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I have a 19mo daughter who spends ~30hrs/week with a nanny. She "teaches" her to say "please" by forcing her to say it and withholding a wanted item until she does. And forces a "thank you" afterward. I feel like this does less teaching and more just creating a mimic. I feel like manners is best taught by modeling, but I recognize this is a very passive method.

Is there a more interactive way to teach politeness and manners without forcing it?

EDIT: What about saying you're sorry? I'm a firm believer that forcing a child to say they are sorry after hitting another kid or taking a toy or whatever just won't work in teaching them to feel true remorse for their actions.

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    I suggest a new question for the second half (about saying sorry) since actual remorse is somewhat different than routine manners (please/thanks) -- both are interesting and deserve full treatment! :) – Acire Aug 19 '15 at 16:04
  • I don't entirely disagree, but I find it interesting that you make the distinction that way. I would like to think that when I say "Please" and "Thank you", those words are accompanied by actual feelings also... – Joe Aug 19 '15 at 16:45
  • Exactly! Those feelings are what I'm trying to teach my daughter. I want her to understand what it means to request something by saying please. And to be genuinely grateful when you receive something. And to feel genuine remorse when you do/say something that might hurt someone else. – TheSmallestOne Aug 19 '15 at 16:55
  • @Joe Good point. Perhaps "can I teach a toddler how to feel the emotion intended by manners" (e.g. respect, gratitude, remorse) -- which isn't really the sense I was getting from this question before editing, and why I suggested separating the two concepts. – Acire Aug 19 '15 at 16:55
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With social niceties like 'Please' and 'Thank You', teaching them is often a combination of training and understanding. Both should be used together, in order to be most effective. This is similar to learning arithmetic: you should learn why 2+2=4, but you also at some point need to memorize the basic sums in order to use them efficiently and progress to higher levels.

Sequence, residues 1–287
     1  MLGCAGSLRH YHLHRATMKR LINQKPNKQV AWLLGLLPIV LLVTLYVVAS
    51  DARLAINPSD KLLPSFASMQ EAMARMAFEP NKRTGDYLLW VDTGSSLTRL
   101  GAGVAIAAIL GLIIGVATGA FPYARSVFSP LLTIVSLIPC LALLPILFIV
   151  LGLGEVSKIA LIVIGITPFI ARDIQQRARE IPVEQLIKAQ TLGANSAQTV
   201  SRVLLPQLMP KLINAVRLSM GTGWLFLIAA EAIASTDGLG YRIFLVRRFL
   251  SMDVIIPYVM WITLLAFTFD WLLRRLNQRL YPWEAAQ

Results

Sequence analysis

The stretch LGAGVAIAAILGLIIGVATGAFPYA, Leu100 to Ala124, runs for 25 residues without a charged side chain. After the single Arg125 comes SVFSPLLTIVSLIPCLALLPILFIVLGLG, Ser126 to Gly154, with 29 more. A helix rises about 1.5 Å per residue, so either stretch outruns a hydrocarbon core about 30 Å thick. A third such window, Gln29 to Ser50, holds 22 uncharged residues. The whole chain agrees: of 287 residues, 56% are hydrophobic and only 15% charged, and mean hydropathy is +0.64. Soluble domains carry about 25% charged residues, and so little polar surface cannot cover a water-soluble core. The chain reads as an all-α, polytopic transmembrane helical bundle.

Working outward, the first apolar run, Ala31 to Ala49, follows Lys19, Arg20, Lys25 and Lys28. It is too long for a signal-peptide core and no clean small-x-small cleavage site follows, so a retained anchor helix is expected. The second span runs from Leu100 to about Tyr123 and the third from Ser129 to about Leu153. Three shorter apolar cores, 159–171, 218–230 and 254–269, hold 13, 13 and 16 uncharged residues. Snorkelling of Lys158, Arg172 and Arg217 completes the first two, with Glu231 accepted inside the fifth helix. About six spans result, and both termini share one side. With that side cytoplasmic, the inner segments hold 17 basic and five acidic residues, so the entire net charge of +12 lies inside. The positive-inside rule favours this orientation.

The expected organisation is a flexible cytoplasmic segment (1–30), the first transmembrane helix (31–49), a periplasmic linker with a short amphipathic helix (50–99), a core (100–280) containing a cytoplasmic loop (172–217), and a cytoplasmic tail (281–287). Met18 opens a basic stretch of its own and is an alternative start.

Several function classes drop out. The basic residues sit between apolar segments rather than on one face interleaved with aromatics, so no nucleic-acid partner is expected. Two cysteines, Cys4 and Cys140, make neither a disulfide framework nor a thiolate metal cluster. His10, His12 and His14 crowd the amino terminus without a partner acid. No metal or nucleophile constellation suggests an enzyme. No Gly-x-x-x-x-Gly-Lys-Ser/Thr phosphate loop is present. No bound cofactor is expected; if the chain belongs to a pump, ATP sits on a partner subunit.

Teaching your child why is crucial, in particular to him/her meaning it; reminding your child that you are doing him/her a favor, and that using polite language makes you more happy about doing that favor. I would never skip this step, and it should be first - and always part of the training, too. I agree with Erik's methods, and that largely mimics ours: when our sons don't use please, we remind them that they should because it makes us feel better about helping them.

Training, though, is also important. As long as it's backed by understanding, repetition has value. It's very easy to know you should do something; it's much harder to remember to do so. Brushing your teeth is much easier as a habit than remembering every day 'I don't want cavities/bad breath'. Same for Please/Thank You, especially for a small child. Getting him/her in the habit of saying it, via training, will help make it more likely that your child uses the words on a consistent basis.

  • Thank you for your insightful answer. Please see an edit on my original post as I wanted to add to my question and wonder if you have something to offer. – TheSmallestOne Aug 19 '15 at 15:56
  • I don't think the answer is any different for 'I'm sorry', except insomuch as you are more directly teaching empathy there. Still, you are doing two things: reinforcing why one says the social nicety (apologizing) and training the child to do so. In the case of "I'm Sorry", it also has the additional effect of possibly helping the child return to being in control. – Joe Aug 19 '15 at 16:01
  • I like that you point out the difference between understanding and training. The reality is that until older ages - sometimes much older - kids just will not understand the 'why' to many things we teach them. The original poster will get a great chance to learn this as this child ages. Mine are 10/7/5 and I have to relearn this (frustratingly so) over and again. – Adam Heeg Aug 19 '15 at 17:38
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The best way might be to show why people are polite to one another. It's mostly because we are more likely to respond favorably to people who are nice to us.

My daughter sometimes has a tendency to just shout "Water!" when she is thirsty, which we almost always respond to with "can you ask nicely?". If she does, we give her water immediately. If she doesn't, we often say "I'm busy, I'll get it later".

Whether she's polite or not, we will give her water. But how fast and how nicely do depend on the way she asks.

I think this is also how it will be for the rest of her life, you don't have to be nice but it helps people make an effort.

And of course, always lead by example. Make sure you are always polite to others and point out to your daughter how that behaviour helps. It's especially visible when you see other people being impolite and see how they are treated differently from you (ie in stores and restaurants).

  • Thank you for your insightful answer. Please see an edit on my original post as I wanted to add to my question and wonder if you have something to offer – TheSmallestOne Aug 19 '15 at 15:56

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